Of course, putting the State in the place of the adjudicator and regulator assumes that the State can be trusted. That means that the State has to be accountable to its citizens in some fashion. To make certain that the State would keep its word in the ancient world, many early coins were stamped with the image of the State's patron deity. This made the promise conveyed by the coin into a sacred oath, with the god or goddess as a witness, ready to punish with eternal damnation the blasphemous ruler who cheated the citizens by shorting the amount of metal in the coin, and made counterfeiting or clipping (removing metal from the coin) sacrilege.
Unfortunately, governments early on found that, with respect to coinage as in other things, they could say one thing and do another, and the gods wouldn't take (immediate) revenge. Typically, a government would put less metal into its coins than was stated on the face. Usually this was justified on the grounds that in this way the government could cover the cost of minting the coins. The government would otherwise have to raise taxes or user fees — never a popular move, even in an absolutist State or under a tyranny. It's much easier to protect power, even absolute power, by controlling money and credit (two sides of the same coin, so to speak), thereby hiding the true state of affairs from the public, as Henry C. Adams pointed out in Public Debts: An Essay in the Science of Finance (1898).
In theory, of course, regardless of the actual weight of metal in each coin, the government bound itself to deliver the full weight of metal or the value thereof when presented with one of its coins. It didn't work out that way in practice, however. While originally the same, weights used in commerce, and weights used in coins soon became different. A pennyweight (dwt) of 24 grains, for example, has been, through most of history, much heavier than the penny purportedly containing a pennyweight of silver.
Seniorage or agio — the difference between the face value and the value of the medium out of which the money is made — is thus a liability of the issuer. In the accounting equation, Assets = Liabilities plus Equity (with Equity divided into Owners Equity and Retained Earnings), seniorage goes on the right side of the equation, Liabilities and Equity.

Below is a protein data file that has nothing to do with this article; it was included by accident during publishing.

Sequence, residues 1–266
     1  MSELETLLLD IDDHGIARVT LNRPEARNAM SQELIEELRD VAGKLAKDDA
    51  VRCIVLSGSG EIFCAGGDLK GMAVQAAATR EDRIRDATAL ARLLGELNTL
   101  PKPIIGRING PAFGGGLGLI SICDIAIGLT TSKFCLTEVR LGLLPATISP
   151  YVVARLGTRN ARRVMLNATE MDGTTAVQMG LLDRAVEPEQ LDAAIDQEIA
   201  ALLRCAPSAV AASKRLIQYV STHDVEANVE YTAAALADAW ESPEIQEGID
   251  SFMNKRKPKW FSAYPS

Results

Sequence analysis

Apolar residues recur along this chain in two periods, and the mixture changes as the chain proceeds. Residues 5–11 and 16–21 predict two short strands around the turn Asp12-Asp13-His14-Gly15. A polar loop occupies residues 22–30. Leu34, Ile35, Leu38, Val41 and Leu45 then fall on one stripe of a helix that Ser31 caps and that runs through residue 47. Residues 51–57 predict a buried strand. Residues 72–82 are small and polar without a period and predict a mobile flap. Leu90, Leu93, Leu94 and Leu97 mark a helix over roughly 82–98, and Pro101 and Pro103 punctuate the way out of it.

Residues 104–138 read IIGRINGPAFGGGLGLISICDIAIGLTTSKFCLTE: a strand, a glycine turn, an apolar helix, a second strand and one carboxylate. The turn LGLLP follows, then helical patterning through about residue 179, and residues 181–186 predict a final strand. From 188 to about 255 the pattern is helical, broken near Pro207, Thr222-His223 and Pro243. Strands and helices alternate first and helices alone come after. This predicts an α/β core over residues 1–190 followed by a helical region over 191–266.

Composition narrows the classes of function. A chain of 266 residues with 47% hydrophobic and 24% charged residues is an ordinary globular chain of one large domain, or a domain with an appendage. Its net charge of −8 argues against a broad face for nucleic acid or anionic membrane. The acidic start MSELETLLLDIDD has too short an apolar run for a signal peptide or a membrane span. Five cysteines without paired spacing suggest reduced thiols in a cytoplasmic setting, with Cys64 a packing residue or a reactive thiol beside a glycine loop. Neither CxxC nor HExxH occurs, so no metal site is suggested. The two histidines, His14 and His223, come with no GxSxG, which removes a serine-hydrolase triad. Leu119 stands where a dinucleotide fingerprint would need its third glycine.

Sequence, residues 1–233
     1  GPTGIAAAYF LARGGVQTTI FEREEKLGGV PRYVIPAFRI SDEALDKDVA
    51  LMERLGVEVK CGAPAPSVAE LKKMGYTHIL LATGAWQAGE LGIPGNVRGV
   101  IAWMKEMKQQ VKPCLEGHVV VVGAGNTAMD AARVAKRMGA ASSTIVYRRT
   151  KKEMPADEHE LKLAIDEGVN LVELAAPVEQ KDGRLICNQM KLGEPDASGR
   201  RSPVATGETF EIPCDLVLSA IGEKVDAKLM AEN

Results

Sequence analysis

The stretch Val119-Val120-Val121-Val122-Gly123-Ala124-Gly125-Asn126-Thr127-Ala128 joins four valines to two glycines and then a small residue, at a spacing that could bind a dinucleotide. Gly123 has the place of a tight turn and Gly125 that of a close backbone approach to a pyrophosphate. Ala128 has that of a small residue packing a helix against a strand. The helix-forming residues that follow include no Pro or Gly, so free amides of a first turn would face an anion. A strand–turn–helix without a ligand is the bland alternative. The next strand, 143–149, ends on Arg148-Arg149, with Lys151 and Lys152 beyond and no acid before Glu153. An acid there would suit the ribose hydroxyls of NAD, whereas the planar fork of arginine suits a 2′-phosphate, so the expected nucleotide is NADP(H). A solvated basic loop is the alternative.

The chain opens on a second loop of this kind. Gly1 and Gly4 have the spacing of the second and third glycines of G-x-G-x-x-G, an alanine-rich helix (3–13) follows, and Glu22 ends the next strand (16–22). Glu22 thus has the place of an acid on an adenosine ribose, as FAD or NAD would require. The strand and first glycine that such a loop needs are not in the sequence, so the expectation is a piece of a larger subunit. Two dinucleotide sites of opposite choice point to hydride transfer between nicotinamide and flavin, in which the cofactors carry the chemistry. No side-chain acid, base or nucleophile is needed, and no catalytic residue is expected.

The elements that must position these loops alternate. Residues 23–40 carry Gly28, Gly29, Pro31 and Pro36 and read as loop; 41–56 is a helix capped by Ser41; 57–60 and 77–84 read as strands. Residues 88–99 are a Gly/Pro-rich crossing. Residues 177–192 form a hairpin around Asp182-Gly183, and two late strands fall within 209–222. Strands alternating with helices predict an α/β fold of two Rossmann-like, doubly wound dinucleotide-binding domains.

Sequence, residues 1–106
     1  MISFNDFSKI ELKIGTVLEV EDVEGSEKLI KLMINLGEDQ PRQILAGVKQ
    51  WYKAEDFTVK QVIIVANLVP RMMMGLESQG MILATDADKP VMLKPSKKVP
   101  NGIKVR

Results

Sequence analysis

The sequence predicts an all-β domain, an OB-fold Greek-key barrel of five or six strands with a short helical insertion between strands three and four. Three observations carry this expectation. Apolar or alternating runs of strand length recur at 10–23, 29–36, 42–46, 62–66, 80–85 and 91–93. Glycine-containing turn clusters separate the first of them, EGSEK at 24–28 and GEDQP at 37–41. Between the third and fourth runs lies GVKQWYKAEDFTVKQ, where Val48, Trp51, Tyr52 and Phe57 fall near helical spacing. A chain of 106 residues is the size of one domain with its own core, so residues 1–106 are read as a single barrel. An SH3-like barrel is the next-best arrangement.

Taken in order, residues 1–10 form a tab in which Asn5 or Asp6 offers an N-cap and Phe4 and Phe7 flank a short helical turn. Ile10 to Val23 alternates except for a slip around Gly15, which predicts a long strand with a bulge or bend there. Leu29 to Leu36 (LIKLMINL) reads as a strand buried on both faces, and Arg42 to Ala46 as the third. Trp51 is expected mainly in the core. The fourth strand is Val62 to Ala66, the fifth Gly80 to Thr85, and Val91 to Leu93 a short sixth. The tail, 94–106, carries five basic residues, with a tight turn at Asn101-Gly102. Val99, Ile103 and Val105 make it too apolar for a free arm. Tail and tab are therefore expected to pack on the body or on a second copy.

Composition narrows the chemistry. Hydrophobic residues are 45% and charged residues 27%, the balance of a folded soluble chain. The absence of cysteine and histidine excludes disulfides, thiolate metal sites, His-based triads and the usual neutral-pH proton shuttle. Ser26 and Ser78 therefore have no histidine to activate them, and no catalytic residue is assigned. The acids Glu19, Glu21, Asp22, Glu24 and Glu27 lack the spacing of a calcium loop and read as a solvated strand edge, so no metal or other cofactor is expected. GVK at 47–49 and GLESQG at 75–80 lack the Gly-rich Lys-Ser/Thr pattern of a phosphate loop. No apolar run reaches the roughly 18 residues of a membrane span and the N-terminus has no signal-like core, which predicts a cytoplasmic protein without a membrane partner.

Unfortunately, profit also goes on the right side of the accounting equation, where, if it isn't paid out as dividends to the shareholders, it is accumulated as retained earnings. Almost inevitably, governments confused the liability that they owed the public that accepted their coins, with a profit made from issuing coins with less metal than was stated on the face. It's as if a business made a journal entry shifting a bill from an outside vendor from Accounts Payable to Income, and then proclaimed that profits had increased by that amount — and simply refused to redeem their promise when the holder in due course of the bill presented it for payment.
This sounds dishonest — and it is. It is also common practice among governments. In the old days, when the currency was predominantly gold and silver coin, the temptation was often too much to resist for a government in financial trouble. Instead of making things better by fostering agriculture, commerce and industry, however, thereby increasing the tax base, it has often been thought much easier (and more profitable) simply to put less metal in the coin than is stated on the face. This shifts value from those who accept the coin, to those who issue it, as well as from consumers who pay more for fewer goods and services, to producers who make a greater profit on sales.
That being the case, where did we ever get the idea that having the State go into debt by "printing money" — making promises it can't possibly keep — is somehow a good thing?